One issue with the research overall is that there is considerable variation in neurostimulation protocol. This makes it difficult to draw comparisons between studies and to draw firm conclusions. Decisions around stimulation protocol needs to satisfy conflicting demands, for example the total current density needs to remain low due to safety and ethical issues. Duration of exposure needs to be kept as low as necessary to limit exposure, as well as limiting the risk of participant drop-out. It is interesting to note that Rocha et al., [71] report that all participants who dropped out were in the sham group, rather than the experimental group. There are very few tACS and tRNS studies in migraine from which to draw any conclusions. However, as both the tACS [97] and the tRNS study [106] consisted of a single session of neurostimulation, it would be important to see whether repeated sessions affect clinical outcomes. As it has been suggested that 4 weeks is needed to see any effect [60], stimulation protocols should last this long in future tests.

There is also variation in the types of participants included. Migraine is heterogeneous disorder, with subtypes including migraine with and without aura, migraine related to the menstrual cycle, migraine related to medication overuse, etc. It is possible that there are different underlying pathologies for the subtypes. It is plausible that those experiencing migraine with visual aura might benefit from neurostimulation targeting the visual cortex, whereas other subtypes may not. It would be beneficial to investigate neurostimulation techniques in particular subtypes specifically to further our understanding of migraine pathophysiology.

For some individuals, for example those who are unable or unwilling to take medication, their needs will be to use neurostimulation alone. However, for others, they may be looking to use neurostimulation to complement their current medication usage. Many of the studies excluded participants who were taking medication to prevent migraine (e.g. [70,71,73,75,80]). There are few studies expressly looking into including the effects of transcranial electrical neurostimulation in conjunction with medication (e.g. [83]). When used in conjunction with topiramate, cathodal tDCS applied over the frontal cortex reduced frequency of attacks, number of days with headache, duration of attacks, pain intensity and the number of painkillers used, compared to control. This suggests that transcranial electrical stimulation can be used in conjunction with medication, although drawing firm conclusions on the basis of limited data is not advisable.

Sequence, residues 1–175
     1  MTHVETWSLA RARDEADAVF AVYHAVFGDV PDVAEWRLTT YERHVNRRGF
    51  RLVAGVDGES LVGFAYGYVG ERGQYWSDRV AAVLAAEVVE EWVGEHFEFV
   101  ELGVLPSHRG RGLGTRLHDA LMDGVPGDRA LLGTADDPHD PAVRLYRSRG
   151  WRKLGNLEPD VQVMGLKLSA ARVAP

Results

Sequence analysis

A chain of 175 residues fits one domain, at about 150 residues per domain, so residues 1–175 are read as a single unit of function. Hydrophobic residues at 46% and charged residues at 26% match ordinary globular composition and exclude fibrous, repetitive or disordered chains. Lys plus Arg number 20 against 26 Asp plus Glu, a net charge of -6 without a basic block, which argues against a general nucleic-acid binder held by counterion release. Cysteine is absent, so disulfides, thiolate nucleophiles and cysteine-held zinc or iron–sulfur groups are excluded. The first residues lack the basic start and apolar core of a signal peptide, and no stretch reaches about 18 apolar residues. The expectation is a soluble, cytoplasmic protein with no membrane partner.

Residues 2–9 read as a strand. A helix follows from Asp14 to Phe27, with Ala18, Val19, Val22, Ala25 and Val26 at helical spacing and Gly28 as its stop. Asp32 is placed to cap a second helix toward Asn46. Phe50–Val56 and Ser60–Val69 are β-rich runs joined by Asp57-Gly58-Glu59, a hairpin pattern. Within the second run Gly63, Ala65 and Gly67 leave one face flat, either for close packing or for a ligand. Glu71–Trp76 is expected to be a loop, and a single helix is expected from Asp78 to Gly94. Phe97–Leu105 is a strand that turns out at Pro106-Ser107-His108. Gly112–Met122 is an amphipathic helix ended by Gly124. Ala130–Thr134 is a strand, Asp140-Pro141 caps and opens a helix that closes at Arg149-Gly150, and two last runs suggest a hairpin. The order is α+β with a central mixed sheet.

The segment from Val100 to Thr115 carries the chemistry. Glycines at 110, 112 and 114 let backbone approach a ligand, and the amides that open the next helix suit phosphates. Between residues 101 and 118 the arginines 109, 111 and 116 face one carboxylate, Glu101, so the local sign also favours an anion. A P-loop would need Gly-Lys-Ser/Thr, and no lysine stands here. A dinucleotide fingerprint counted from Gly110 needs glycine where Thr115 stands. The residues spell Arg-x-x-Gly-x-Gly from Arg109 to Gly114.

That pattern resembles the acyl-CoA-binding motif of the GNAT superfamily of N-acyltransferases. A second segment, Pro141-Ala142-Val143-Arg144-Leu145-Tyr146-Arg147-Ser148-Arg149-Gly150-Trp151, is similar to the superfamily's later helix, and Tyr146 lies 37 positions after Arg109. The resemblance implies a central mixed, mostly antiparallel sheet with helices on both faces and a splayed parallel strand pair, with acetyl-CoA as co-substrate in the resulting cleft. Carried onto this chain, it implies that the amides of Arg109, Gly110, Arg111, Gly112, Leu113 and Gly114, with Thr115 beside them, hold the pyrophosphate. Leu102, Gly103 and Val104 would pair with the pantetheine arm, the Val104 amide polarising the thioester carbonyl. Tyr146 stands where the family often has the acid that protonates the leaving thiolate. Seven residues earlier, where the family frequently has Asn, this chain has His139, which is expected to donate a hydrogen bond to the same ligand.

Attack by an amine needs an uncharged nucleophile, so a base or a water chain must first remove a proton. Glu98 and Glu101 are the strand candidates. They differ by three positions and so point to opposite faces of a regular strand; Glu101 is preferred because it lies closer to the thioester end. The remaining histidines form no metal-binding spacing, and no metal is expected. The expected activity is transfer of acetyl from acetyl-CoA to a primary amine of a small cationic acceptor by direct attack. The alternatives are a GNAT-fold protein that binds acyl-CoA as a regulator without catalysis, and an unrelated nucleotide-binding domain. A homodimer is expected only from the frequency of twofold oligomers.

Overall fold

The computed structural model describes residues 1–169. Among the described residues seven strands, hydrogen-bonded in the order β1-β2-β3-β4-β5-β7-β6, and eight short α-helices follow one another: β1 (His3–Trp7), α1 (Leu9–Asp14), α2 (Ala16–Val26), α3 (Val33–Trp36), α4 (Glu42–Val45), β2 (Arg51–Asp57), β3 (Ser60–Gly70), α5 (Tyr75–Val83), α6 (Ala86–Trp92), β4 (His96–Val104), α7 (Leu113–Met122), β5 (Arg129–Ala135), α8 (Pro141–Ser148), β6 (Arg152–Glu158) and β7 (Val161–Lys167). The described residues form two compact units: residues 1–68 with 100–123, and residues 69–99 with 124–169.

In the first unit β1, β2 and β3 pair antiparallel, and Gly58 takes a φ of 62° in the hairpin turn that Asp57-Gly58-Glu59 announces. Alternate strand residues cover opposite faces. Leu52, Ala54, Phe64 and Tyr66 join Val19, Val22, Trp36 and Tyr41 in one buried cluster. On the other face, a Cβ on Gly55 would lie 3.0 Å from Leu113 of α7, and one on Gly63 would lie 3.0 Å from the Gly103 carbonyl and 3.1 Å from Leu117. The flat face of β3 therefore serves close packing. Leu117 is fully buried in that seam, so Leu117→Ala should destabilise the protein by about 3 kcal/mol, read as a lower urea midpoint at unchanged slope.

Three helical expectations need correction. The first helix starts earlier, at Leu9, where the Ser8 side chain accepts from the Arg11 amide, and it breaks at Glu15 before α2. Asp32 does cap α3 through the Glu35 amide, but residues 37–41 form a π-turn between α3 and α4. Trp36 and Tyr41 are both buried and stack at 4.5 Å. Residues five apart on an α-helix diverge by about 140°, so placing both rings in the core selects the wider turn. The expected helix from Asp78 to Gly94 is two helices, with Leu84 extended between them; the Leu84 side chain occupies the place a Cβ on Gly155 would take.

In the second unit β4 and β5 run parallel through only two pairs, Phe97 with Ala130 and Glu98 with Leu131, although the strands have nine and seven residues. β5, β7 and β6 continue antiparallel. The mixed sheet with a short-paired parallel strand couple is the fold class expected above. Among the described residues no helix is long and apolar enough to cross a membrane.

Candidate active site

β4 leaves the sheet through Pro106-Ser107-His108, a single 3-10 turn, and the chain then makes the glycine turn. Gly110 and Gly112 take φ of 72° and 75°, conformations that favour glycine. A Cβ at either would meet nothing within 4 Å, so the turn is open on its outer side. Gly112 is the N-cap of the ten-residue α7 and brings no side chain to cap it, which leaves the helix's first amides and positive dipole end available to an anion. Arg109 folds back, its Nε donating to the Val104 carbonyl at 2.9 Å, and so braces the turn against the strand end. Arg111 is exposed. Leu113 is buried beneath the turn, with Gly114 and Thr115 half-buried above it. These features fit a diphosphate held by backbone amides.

The suggested mode of action for tES is focussed on influencing the neural activity. However, there is evidence that there may be an effect of tES on the vascular system, which is linked to the pain of migraine. Studies using animal models have shown dural and pial artery dilation with bipolar tES [117], as well as increased blood flow with anodal tDCS stimulation [118]. In humans, anodal tDCS over the motor cortex has been shown to increase cerebral blood flow, and conversely cathodal tDCS has been shown to reduce cerebral blood flow, it is thought that the changes in cerebral blood flow with tDCS are through its effect on the neuronal activity, rather than a direct effect on the blood vessels themselves [119]. However, as anodal tDCS results in vasodilation of the vessels of the skin [120], it may well be the case that there is a direct effect separate from cortical effects. Additionally, in humans, tDCS has been shown to affect the ability of the vascular system to dilate the blood vessels, specifically, anodal tDCS reduces the ability to dilate and cathodal increases it [121], therefore there may be an effect of tDCS on cerebral blood flow independent of neuronal activity, however, this is difficult to separate experimentally. Therefore, it may be unwise to draw conclusions from studies based on transcranial electrical stimulation in relation to the trigemineal-vascular theories of migraine pathogenesis.

Importantly, there are side effects associated with transcranial electrical stimulation. Bikson et al., [122] reviewed the literature showing there to be no evidence of serious adverse effects following transcranial direct current stimulation. This was a summary of over 1,000 participants when studies were combined. Possible side effects included skin irritation, that was reported to resolve after the stimulation was stopped. Nikolin et al., [123] conducted a systematic review of 158 studies including a total of 4130 participants. These studies included healthy populations as well as those with neurological disorders for example, pain, stroke. The adverse effects reported include discomfort, dizziness erythema, fatigue, headache, paraesthesia. The incidence rates of adverse events did not differ between sham and active stimulation. Additionally, there was no evidence of cumulative effects of multiple sessions. One of the most commonly reported side effects is skin irritation, thought to be due to the vasodilatory effect of stimulation on the blood vessels of the skin [120]. However, given the right training and following the standard procedures, the current literature suggests there is minimal risk of serious side effects from transcranial electrical stimulation.

5. Conclusions

Transcranial electrical stimulation has some promising potential in migraine prophylaxis, however, more systematic research is needed to determine the most effective stimulation protocols and the subtype of migraine most likely to benefit. Neurostimulation can also help us understand more about migraine, as it may be argued that there is an imbalance of excitation and inhibition in migraine that could be the source of the issue. It would be beneficial to include more behavioural measures directly testing theoretical predictions of the mechanisms as well as the clinical outcomes.

Author Contributions

LOH and RG contributed to writing and editing the manuscript.

Competing Interests

The authors have declared that no competing interests exist.